Second-Home Dreams Need a Reality Check

Encourage clients to consider these critical factors before they get swept up in putting a bid on a second home.

By Mike Leverty
Mike Leverty
Mike Leverty

Owning a second home becomes an appealing and common goal for clients transitioning into retirement. Whether it’s a warmer climate, a northern cabin retreat, or a second home closer to children and grandchildren, a second home can offer a break from the daily grind and a sanctuary for relaxation and leisure.

However, before making this significant investment, several factors need careful consideration to ensure it aligns with clients’ financial plan and ideal lifestyle.  Advisors can provide valuable guidance not only on the financial aspect but also on the non-financial decisions, including location, the maintenance and time commitment of owning multiple homes, and usage goals for the second property.

Can the kids get there?

While certain destinations may be ideal for short vacations, they might not be the perfect fit for a second home. Evaluate the proximity of essential amenities such as healthcare facilities, shopping centers and airports. And don’t forget to consider the convenience for friends and family who may visit.

We worked with a client who had purchased a winter warm-weather destination that was easily accessible with a direct flight from their local airport. But when their grown-up children secured jobs in different states, they soon discovered the challenges of finding direct flights to their parents’ location. The original plan was for the children to visit frequently for extended weekends, but the limited availability of flight options frequently hindered or restricted these visits. These factors may not be top of mind or as important when planning a summer vacation or a spring break trip.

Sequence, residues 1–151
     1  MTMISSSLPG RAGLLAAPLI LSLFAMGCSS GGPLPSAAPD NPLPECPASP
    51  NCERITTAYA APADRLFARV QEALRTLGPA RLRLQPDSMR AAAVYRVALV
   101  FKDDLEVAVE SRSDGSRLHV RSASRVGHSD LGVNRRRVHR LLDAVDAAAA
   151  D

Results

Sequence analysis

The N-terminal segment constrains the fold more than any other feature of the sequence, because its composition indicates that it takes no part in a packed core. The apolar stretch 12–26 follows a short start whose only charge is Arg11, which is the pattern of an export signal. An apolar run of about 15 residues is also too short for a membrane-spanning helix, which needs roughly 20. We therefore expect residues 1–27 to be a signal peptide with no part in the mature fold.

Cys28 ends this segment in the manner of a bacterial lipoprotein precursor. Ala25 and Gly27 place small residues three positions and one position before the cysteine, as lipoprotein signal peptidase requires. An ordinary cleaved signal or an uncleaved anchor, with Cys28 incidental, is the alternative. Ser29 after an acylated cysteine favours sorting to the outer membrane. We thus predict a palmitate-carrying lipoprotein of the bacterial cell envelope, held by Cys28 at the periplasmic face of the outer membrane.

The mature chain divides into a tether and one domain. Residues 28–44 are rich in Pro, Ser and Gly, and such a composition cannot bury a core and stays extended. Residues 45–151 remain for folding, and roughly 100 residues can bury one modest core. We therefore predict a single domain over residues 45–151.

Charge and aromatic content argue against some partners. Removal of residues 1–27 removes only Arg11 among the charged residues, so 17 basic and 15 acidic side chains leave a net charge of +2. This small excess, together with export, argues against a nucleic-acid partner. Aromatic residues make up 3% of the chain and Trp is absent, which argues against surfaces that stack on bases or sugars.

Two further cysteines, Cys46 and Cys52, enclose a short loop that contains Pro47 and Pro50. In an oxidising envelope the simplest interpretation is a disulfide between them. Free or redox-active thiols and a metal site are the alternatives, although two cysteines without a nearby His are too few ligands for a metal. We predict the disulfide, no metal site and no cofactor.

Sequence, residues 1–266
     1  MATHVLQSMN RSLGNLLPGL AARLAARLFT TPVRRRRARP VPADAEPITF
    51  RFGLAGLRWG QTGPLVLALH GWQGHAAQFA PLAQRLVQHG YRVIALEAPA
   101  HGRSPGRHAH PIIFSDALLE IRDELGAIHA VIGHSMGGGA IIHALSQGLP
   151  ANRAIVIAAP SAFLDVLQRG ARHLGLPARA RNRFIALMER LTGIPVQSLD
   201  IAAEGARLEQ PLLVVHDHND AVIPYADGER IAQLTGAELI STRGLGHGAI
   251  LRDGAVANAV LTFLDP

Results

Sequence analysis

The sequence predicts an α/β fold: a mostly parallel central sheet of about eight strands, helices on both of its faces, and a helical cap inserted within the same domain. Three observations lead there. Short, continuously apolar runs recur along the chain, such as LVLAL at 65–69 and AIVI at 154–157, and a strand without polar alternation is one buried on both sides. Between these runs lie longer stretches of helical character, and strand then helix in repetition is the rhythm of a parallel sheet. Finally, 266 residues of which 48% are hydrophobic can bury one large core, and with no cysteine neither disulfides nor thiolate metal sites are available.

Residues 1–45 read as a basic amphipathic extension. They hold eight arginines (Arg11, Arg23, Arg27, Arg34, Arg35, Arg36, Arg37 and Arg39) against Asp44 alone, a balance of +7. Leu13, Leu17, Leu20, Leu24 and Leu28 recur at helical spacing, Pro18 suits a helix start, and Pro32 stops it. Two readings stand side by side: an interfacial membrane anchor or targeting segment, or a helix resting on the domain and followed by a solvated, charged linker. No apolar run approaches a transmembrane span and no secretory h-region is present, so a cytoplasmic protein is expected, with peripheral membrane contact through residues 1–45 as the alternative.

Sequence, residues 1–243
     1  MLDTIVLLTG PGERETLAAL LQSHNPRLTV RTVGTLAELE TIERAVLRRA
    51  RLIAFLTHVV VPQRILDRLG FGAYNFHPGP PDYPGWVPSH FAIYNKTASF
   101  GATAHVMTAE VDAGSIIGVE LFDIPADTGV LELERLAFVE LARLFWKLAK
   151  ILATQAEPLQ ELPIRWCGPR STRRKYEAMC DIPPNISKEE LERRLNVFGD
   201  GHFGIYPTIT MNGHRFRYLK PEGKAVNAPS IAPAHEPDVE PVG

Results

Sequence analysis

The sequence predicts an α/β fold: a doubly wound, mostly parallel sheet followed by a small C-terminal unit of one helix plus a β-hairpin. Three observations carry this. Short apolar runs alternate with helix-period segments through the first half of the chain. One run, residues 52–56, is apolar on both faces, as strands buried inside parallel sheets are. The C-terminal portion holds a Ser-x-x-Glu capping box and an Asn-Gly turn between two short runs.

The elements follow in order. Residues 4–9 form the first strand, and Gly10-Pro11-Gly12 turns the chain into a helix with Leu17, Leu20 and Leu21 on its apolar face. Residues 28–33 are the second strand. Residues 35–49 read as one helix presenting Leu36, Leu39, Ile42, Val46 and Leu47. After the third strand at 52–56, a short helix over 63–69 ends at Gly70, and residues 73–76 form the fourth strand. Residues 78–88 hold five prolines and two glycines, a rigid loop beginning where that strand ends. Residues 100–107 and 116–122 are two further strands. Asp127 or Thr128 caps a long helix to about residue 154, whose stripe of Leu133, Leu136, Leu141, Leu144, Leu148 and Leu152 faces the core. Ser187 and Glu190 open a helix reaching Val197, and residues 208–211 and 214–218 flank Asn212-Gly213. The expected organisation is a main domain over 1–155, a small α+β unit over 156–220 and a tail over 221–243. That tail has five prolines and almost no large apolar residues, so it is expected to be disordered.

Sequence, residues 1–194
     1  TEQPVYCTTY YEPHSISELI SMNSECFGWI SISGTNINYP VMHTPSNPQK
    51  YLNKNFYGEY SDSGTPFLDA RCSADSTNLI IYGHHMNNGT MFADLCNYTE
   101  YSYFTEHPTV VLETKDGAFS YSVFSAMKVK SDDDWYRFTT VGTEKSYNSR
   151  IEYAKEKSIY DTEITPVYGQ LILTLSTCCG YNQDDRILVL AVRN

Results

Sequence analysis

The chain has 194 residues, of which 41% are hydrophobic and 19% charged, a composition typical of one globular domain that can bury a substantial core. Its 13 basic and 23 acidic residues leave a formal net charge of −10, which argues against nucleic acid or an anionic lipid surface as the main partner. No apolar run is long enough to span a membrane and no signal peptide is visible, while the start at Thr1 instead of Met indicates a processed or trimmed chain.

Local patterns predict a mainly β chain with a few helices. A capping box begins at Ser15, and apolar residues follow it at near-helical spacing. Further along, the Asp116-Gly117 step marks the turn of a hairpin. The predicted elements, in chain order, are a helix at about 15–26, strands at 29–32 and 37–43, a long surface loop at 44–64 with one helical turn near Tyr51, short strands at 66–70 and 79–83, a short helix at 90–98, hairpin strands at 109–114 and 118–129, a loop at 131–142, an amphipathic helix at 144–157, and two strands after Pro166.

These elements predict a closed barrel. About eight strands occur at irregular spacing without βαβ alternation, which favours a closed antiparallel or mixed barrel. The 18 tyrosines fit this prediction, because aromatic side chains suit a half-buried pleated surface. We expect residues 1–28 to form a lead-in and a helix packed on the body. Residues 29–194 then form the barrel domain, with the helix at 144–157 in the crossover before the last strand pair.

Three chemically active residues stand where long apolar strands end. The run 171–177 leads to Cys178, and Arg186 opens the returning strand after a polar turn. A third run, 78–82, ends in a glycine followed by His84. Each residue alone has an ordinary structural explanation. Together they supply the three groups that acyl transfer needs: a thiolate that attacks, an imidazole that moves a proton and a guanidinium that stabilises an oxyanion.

Will maintaining two homes be a hassle?

Owning a second home demands regular upkeep, particularly if you spend significant time away from it. Reflect on how involved you wish to be in managing the property. Are you capable of handling routine maintenance and repairs, or would you prefer hiring a property management company to oversee these tasks?

Additionally, think about the distance between your primary residence and the second home. A property located far away may present challenges in terms of accessibility and the ability to respond quickly to emergencies. The maintenance items at a primary residence will also need to be addressed. Remember, spending time at the new home will eat into whatever time the homeowner currently commits to tending to routine maintenance at their primary residence. Clients often tell us that they are making trips to the cabin to simply mow the lawn, only to hurry back to their primary home to meet a contractor for a maintenance item on that property.

Is rental income a goal?

Those considering a second home should also clearly define their intended usage. Will the property be exclusively for personal use, or does your client plan to rent it out to help offset the financial impact?